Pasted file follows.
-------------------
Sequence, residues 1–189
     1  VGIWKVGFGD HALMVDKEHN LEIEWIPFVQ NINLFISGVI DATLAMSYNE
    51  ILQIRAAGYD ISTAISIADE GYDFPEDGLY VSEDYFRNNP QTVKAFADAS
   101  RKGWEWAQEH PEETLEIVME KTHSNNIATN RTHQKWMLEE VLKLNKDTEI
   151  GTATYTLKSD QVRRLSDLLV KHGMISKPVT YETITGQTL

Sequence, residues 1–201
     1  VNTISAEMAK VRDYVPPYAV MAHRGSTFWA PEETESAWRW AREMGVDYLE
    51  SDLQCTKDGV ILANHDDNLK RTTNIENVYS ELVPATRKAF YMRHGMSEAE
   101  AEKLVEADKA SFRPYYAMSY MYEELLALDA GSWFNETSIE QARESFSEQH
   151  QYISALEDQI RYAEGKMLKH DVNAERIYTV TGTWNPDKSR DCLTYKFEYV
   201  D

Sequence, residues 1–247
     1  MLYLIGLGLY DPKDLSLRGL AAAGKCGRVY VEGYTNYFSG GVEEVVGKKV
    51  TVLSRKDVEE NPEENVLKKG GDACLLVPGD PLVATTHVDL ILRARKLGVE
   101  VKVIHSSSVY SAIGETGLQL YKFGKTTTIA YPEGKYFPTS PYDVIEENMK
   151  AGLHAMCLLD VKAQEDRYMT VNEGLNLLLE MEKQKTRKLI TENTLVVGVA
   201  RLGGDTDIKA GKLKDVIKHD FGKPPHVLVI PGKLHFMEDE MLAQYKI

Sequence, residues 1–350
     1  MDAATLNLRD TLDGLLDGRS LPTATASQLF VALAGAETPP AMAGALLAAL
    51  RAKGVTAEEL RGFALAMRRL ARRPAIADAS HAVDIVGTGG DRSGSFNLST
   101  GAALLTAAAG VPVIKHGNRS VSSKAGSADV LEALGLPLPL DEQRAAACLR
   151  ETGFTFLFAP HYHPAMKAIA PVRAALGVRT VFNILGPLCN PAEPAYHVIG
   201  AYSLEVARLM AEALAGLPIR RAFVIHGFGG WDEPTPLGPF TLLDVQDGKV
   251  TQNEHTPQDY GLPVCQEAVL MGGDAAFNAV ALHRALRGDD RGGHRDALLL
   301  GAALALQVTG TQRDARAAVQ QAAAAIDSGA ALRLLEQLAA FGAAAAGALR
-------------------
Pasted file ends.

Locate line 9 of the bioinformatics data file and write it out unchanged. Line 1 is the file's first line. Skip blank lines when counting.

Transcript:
   101  AEKLVEADKA SFRPYYAMSY MYEELLALDA GSWFNETSIE QARESFSEQH